Garden Diary - August 2018

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Planting Native to Attract Birds to Your Yard
by Sharon Sorenson

Thursday, 30 August 2018

What did birds do before people started buying feeders and bird seed to fill them?

I have a bird feeder hanging from a shepherd's crook style pole outside the kitchen. The indoor only cats and I enjoy watching the birds. The feeder must be brought in at dusk because the raccoon can maneuver its fat body up and over the squirrel baffle that keeps the fluff tailed gray tree rats from emptying the feeder in short order. But birds need more than seeds. Some prefer fruit. Others eat insects. All of them need shelter: a place protected from rain, from wind, from winter cold and snow.

I've seen birds feeding on seeds from some of my garden flowers. But often we're wearing blinders, focused on what we find beautiful in flowers for our garden, heedless of what might be needed by the creatures that share it. Double flowers are showy, all right. But they generally produce no seed. Something exotic from abroad is enjoyed for its rarity, but birds may not recognize it as food.

Planting Native to Attract Birds to Your Yard by Sharon Sorenson is a lucid explanation of how to have both an attractive garden and one that naturally attracts birds while also feeding them.

There's an ecological term - carrying capacity. It refers to the environment's ability to indefinitely support the maximum population size of a species given the food, habitat, water, and other necessities available. A place in the city will have a different carrying capacity than one in the suburbs compared to one in the country. Sorenson's view is that, regardless of where you live, the planting choices you make for your garden have an impact on the wildlife - in this case, birds.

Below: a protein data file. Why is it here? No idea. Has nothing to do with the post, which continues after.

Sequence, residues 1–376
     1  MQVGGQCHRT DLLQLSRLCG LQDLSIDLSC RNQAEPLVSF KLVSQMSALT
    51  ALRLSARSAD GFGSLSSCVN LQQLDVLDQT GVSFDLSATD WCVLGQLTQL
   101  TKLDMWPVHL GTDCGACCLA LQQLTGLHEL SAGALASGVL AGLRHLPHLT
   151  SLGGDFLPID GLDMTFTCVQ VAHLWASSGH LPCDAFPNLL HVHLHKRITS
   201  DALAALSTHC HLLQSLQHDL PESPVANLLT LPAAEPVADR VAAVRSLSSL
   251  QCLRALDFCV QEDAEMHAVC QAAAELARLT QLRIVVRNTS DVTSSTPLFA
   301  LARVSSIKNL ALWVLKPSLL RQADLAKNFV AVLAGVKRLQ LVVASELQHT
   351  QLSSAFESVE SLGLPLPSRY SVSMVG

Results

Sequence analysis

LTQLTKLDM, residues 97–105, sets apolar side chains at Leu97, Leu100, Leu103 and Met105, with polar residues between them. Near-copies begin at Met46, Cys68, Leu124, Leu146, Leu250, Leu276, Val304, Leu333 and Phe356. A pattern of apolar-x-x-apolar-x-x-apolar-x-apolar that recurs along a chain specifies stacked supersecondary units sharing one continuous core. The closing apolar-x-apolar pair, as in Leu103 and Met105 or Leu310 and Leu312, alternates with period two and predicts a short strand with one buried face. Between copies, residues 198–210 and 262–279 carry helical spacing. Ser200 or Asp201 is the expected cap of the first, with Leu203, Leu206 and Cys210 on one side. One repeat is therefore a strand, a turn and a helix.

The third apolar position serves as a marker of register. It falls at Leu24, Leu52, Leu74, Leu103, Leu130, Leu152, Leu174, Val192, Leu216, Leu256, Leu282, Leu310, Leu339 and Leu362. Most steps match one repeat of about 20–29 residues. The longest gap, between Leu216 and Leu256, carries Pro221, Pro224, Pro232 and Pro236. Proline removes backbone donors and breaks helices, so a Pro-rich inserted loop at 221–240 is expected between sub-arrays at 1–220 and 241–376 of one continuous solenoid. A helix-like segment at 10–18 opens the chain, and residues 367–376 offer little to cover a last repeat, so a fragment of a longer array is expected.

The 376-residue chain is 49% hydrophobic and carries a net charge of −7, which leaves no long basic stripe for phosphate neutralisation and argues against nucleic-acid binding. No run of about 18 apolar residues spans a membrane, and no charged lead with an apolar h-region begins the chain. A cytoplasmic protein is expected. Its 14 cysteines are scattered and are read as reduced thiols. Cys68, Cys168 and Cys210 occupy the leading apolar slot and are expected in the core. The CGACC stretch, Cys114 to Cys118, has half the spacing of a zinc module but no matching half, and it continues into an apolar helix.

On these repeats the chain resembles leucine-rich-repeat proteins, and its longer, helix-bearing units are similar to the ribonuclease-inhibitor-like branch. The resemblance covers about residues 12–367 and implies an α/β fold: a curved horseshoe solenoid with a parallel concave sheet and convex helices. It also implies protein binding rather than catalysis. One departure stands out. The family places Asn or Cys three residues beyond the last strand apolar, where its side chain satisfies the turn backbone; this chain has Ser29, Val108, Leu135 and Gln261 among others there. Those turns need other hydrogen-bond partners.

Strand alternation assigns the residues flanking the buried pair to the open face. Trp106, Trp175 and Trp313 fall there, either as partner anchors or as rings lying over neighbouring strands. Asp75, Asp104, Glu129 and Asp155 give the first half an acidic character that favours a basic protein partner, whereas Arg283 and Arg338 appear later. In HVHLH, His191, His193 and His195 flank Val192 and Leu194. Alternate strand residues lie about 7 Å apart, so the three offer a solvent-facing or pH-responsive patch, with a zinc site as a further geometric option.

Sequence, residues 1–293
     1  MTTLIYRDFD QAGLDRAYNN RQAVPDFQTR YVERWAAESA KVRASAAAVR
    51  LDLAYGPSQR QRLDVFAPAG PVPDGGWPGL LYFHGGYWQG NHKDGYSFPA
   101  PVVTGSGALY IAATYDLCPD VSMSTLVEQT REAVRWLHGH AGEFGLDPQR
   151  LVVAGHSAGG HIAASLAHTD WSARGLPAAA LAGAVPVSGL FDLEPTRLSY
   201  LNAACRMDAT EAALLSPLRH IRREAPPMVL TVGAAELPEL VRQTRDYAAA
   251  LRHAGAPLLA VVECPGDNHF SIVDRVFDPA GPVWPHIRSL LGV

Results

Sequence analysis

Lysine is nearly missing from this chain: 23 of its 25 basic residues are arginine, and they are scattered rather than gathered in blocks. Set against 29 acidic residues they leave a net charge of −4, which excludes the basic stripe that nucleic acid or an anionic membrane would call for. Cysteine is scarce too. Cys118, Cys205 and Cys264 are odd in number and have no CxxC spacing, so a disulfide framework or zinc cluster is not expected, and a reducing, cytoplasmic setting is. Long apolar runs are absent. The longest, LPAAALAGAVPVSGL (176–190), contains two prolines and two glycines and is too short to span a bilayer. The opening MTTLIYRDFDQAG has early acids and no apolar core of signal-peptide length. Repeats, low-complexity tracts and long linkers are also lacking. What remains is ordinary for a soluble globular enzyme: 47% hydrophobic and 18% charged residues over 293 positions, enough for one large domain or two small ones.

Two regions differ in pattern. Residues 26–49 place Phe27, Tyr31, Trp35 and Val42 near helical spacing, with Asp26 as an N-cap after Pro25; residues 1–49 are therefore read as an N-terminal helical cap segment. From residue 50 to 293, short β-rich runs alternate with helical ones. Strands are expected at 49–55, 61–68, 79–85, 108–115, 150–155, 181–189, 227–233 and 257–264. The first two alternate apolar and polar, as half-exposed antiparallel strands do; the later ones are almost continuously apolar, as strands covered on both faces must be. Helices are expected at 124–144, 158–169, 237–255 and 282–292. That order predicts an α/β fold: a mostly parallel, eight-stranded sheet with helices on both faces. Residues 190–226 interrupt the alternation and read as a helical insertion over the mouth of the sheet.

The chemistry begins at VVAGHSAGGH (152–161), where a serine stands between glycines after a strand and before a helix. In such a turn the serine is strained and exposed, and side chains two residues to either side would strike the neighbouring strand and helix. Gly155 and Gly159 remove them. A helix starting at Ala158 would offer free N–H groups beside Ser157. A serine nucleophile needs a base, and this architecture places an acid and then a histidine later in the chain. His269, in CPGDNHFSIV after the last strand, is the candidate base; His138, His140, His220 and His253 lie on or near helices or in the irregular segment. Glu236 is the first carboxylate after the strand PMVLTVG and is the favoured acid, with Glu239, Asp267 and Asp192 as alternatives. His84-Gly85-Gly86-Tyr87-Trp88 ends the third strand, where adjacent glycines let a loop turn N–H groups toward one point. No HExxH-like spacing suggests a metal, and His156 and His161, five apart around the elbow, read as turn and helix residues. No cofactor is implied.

Different birds need different food and shelter. Reasonably enough, the book's focus is on the eastern half of the country - from the Canadian border to the Gulf coast, and Minnesota, Arkansas, Louisiana to the East Coast. Even given that limitation it is a huge area with large climactic differences, between what is native in Florida, for example, and native in New Hampshire.

Sorenson's starting point was a year-long bird watch of her 3 acre property: regular visitors, transient migrants, outlier once-and-not-again visitors. She points out that bird feeders have an environmental cost, not all species of birds visit feeders, nestling birds need insects to eat, and planting native plants that provide nectar, sap, berries, bugs, buds, blossoms, and seed is a more sustainable way to increase the carrying capacity of your property. Bugs, attracting bugs to our gardens. Yes, you might plant to attract butterflies but often gardeners want only the butterflies and not the caterpillars that eat their plants. Birds eat the caterpillars so without caterpillars there is less food for the birds, and fewer butterflies too. Clearly, there's more to the book than just lists of plants with seeds and fruits that birds might eat.

Simple, conversational explanations of what's native, what's a species, what's a cultivar. What birds needs at different times of year, why they seek out different fruits, seeds, and berries at different seasons.